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Summary:

Consumer Reports has tackled the smart home and its recommendations are mostly on point. Readers aren’t likely to rush out to buy a connected device after reading.

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photo: Consumer Reports

Last night, my June issue of Consumer Reports arrived with a cover featuring Nest, Hue light bulbs and a connected Schlage lock. This caused me to actually shout in excitement: here was a chance to see how normal people view the smart home. The good news is that connected devices are making their way into the mainstream, but the bad news is that Consumer Reports has accurately pegged most of the challenges the industry is facing — and I’m not sure it’s going to help convert anyone to the smart home.

Consumer Reports notes the potential pitfalls of connectivity, such as ineffective passwords and weak Wi-Fi networks that can mean your devices are able to become part of a botnet army or, worse, share your data on the internet. As we’ve written, companies aren’t designing these products with security at the forefront, and consumers may elect to use weak passwords or pass on updates that are important.

CR’s writers must listen to our podcast, because they also nail the pitfalls of betting on the wrong technology and recognize that the centrally connected smart home is still far away. So, since this is Consumer Reports, what point products does the magazine recommend? In its worth buying category are the TCP lighting system, which retails for $50; a connected generator monitor that has a monthly service fee and cellular connection; and a FortrezZ Wireless Z-wave water valve controller that lets you remotely turn off your water in case of a leak.

In the “never mind” category, Consumer Reports tosses the Nest thermostat and Nest Protect under a bus because of customer complaints about the heating turning off after updates and a lack of sensors on the Protect. It also tells people not to waste their money on a $5,685 smart toilet that I never even knew existed and a variety of connected ovens. I’m with them on this one: Remote preheating is not enough of a feature for the cost spike for a connected oven. Call me when it is refrigerated.

CR can’t make up its mind on the Philips Hue lights, the Belkin WeMo light switch or some of the connected washers and dryers. Price is a factor for Hue and the connected dryers, and the WeMo gets dinged because it’s an odd size that can make it a pain to install. I don’t agree on the hue bulbs and tend to recommend them to people as a good first product because it is fun and let users tiptoe into the future of a truly smart home, thanks to the integrations with services like If This Then That and other consumer friendly hubs like the one from Staples Connect.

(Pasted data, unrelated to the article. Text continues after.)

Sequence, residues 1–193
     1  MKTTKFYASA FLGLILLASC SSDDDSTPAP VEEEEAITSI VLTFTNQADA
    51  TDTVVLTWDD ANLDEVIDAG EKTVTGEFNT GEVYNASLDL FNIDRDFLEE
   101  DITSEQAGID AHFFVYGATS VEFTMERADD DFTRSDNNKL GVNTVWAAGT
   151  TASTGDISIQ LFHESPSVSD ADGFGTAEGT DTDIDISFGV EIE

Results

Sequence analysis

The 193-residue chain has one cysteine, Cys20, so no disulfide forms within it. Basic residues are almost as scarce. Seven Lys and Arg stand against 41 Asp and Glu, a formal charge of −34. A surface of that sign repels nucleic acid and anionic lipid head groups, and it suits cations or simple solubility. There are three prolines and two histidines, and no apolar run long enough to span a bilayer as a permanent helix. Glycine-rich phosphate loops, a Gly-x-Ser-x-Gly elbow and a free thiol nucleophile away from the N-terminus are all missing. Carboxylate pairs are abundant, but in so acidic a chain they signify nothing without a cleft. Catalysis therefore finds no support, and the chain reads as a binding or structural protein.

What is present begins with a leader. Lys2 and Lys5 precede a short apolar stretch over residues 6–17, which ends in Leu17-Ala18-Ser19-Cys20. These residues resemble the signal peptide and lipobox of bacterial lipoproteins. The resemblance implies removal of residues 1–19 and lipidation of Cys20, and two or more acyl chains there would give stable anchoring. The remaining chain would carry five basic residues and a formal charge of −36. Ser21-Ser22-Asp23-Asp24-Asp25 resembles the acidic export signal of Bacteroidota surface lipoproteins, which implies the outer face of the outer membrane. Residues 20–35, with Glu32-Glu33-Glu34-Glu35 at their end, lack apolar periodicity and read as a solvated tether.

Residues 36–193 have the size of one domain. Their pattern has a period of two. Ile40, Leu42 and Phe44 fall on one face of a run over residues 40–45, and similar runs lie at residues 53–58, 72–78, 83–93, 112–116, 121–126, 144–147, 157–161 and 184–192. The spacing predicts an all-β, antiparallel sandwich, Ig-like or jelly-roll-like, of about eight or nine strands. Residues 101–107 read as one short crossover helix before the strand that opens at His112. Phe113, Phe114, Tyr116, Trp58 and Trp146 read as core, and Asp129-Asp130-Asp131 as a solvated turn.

Check out the article for the ratings on connected locks and the nitty gritty about CR’s take on the smart home. I found myself in agreement most of the time, although I wish the article had tackled the hub phenomenon and discussed the pros and cons of that. Maybe next year.

  1. Thomas J. Romano Tuesday, May 6, 2014

    They should have looked up insteon also. you don’t need a hub or smartphone if you use their remotes. The remotes link with the other devices via the setup buttons.

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    1. I think the focus was less about hubs and more about devices and apps. And the remotes may have not fit their criteria.

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  2. House of Janes Tuesday, May 6, 2014

    This seems very reasonable to me. These are all just toys we’re playing with – we’re in the Commodore PET / TRS-80 / Apple ][ phase of the IoT. The real action is yet to come.

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    1. House of Janes Tuesday, May 6, 2014

      Lol sorry for the “House of Janes” – it’s @dpjanes.

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  3. I think Nest gave up their smart home aspirations, back in January, to manage power consumption. But can you blame them? They were paid thirty times worth.

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  4. Tightwads association of western new york Wednesday, May 21, 2014

    I read consumer reports and wrote my own article about Nest. At $225+ they are very pricey, don’t save much more money than if you take 20 minutes to progtam your current thermostat correctly, and are really funny for kids to play with…which is horrible. Plus, if they are hacked its easy for anyone to learn your habits and when you are out of the house, and easy to steal from.

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